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Living faith

Holy leisure—how do you spend your time?

Created date

July 24th, 2012

Encouraged by falling gas prices, 80% of us will take a summer vacation. We will visit family and friends or see some new sights or sunbathe on the beach, spending an average of $3,200. But does rest and relaxation contribute to a living faith, or just waste precious time and money when there are so many good works to be done?

Apex of creation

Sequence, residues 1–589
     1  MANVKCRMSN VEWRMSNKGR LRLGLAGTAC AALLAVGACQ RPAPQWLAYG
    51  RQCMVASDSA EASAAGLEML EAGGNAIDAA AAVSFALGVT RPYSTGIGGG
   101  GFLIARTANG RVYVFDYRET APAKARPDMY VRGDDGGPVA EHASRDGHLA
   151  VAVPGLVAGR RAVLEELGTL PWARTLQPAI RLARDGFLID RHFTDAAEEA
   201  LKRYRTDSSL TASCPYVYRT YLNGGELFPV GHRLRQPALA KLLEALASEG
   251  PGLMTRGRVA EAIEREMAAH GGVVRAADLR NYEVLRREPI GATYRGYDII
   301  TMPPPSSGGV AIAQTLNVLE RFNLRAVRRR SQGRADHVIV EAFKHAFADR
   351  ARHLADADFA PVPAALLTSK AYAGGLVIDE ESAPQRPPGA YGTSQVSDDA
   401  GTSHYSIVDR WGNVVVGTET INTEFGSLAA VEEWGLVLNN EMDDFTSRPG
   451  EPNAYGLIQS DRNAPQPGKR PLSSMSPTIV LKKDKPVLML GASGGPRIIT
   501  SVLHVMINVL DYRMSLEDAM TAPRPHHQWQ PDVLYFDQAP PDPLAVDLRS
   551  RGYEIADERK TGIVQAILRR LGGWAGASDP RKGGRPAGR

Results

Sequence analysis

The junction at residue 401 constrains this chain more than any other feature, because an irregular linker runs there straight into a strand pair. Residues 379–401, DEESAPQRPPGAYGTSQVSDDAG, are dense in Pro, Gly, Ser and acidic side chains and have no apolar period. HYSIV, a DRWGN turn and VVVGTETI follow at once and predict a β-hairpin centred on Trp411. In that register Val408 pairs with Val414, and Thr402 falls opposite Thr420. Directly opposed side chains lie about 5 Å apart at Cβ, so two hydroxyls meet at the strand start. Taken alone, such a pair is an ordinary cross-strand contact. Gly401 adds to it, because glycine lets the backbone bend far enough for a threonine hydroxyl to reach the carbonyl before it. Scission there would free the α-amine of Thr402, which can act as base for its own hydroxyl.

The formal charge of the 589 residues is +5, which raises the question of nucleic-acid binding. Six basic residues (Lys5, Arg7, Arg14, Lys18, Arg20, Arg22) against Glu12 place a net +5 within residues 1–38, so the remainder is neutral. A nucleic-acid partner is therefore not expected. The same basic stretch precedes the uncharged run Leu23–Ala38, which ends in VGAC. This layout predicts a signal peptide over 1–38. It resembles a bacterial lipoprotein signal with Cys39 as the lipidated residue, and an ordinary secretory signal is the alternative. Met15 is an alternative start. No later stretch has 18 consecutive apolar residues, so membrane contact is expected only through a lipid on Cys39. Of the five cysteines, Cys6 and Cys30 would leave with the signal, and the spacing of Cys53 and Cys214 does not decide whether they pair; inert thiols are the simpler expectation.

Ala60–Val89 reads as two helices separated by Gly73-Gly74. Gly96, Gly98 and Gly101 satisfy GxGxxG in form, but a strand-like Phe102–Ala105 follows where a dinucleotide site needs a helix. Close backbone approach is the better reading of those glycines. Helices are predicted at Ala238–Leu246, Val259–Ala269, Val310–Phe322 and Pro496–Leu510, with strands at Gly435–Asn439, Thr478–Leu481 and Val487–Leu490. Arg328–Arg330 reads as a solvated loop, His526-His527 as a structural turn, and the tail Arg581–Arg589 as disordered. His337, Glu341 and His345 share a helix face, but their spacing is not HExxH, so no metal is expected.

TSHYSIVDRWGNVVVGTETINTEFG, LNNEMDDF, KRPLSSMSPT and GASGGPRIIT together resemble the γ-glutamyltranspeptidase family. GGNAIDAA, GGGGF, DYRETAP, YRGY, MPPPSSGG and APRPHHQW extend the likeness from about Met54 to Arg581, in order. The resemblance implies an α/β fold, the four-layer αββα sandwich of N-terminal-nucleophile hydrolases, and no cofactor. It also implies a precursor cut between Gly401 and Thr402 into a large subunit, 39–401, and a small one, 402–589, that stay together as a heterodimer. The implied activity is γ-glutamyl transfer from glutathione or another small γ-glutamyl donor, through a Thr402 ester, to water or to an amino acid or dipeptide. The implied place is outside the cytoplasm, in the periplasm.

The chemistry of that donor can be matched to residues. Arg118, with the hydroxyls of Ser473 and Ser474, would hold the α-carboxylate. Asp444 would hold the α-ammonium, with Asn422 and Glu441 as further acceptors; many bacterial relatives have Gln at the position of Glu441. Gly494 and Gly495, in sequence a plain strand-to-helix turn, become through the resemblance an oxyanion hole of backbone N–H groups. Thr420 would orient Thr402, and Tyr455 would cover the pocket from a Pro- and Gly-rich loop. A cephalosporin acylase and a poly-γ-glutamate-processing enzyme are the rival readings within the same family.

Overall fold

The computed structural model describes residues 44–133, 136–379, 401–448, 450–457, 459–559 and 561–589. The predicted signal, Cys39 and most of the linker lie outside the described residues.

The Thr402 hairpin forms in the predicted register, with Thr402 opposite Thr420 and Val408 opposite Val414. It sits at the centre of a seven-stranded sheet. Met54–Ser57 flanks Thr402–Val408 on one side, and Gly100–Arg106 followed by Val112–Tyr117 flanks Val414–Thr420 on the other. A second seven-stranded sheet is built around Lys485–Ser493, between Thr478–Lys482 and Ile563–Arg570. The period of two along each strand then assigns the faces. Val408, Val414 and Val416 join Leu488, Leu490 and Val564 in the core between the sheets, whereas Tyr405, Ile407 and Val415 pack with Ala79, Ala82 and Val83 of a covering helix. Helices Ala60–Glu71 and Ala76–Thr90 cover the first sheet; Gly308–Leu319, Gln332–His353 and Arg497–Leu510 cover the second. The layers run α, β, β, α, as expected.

We get a clue from God, who rested (Sabbath) from the work of creation on the seventh day and prescribed a day of rest and worship into Israel s weekly rhythm. Note how the day of rest is the apex of creation. The six days were made for the Sabbath, not the other way around, as if we rest just so we can work better. Being created in God s image, we are to imitate the work/rest pattern. Working, we advance the kingdom of God; resting, we enjoy it. Church fathers spoke of holy leisure a sense of balance in life, the ability to pace ourselves, to rest and take time to enjoy beauty. Many of our holidays originated as holy days, and some of the greatest works of art, drama, music, and literature drew their inspiration from religion. The word leisure comes from the Latin scola, from which we derive our word school. Rabbi Norman Lamm challenges us to use leisure time to cultivate our bodies, souls, and minds, rather than dull our brains with that ceaseless flow of tripe and terror that issues from television or worse yet, seek the cheap thrills of social, moral, and legal delinquency. Leisure is the antidote for the idols of productivity and hectic amusements, according to philosopher Josef Pieper, who defines it as an attitude of the mind and a condition of the soul that fosters a capacity to perceive the reality of the world. It allows time for the contemplation of the nature of God. The beauty and vastness of the ocean and the mountains shout God s majesty and stir my soul. I burst into hallelujahs at the dancing waves and the glistening snowcaps. How do you use leisure time to grow in faith? Please write to me by regular mail at 703 Maiden Choice Lane, Catonsville, MD 21228, or email at bill@ericksontribune.com.

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